February 5, 1977 – The week was full of new about the Energy Crisis that wasn’t going to go away. America was asked to curb excess, starting with turning down thermostats, while Buffalo New York was declared a disaster area.
President Carter, in the first of what would be many “fireside chats”, spoke about the failure of Americans to plan for the future or to take energy conservation seriously, which America had failed to do, despite warnings of such a crisis for a very long time. He went on to say that most Americans refused to believe America actually had an energy problem, but the Winter of 1977 made it abundantly apparent that the Energy crisis was real.
Wearing a Cardigan Sweater, Jimmy Carter spoke of the need to conserve energy – that he had signed emergency legislation to shift natural gas supplies to shortage areas. And even though some on Capitol Hill thought it wasn’t enough, it was a start in trying to cope with an increasing problem, but many felt it wasn’t a permanent solution, and a permanent solution was needed.
Meanwhile, in Buffalo, the blizzard which hit the area was so severe, officials were asking the government to do something it hadn’t done before; provide assistant with the dig-out. The President’s son Chip, went to Buffalo to get a first-hand look at the disaster, and the next day the President signed an Executive order providing Federal assistance in the dig-out for 9 New York state areas.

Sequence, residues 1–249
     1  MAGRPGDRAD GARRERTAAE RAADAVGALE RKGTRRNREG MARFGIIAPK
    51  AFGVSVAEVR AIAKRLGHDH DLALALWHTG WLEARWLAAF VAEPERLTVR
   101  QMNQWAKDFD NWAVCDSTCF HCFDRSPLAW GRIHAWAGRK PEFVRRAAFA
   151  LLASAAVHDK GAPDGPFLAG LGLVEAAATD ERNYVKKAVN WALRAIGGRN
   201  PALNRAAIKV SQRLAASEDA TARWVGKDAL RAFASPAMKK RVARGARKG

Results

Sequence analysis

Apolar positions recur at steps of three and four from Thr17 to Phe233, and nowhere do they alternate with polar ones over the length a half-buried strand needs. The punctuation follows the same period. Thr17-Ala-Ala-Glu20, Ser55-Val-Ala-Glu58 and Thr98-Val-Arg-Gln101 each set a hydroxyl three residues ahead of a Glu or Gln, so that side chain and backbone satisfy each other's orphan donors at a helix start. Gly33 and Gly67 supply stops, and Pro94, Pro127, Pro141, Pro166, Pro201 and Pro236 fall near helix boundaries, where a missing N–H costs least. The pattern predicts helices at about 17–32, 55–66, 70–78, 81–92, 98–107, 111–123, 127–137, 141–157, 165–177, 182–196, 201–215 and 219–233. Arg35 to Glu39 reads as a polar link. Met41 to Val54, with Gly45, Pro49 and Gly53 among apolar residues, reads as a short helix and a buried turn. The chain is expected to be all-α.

Some good news – the Federal Unemployment rate dropped from 7.8% to 7.5% for the month of January. The figure didn’t reflect new lay-offs because of natural gas shortages. The figure also wasn’t heralded as the coming of prosperity by some. The 3/10 of 1% drop didn’t seem like much cause for celebration, and President Carter was asking for an economic stimulus package which would, in effect give every American a check for $50.00 as a rebate.
But in Chicago it was a different story – an elevated train crashed into a parked train and the result was 11 persons killed in what was described as the worst accident in the history of the Chicago elevated line.
And in the Middle East, UN Secretary General Kurt Waldheim was in Damascus Syria to try and work out some peace plan in the war-torn region. On a fact finding tour, Waldheim had just finished visiting with Egyptian President Anwar Sadat and came away feeling optimistic that some 7-nation peace settlement could be reached. Otherwise, as Waldheim admitted – war was inevitable in the next two years.
And that’s just a small slice of what went in the world this week – the week that ended this February 5th in 1977 as reported by CBS Radio and The World This Week.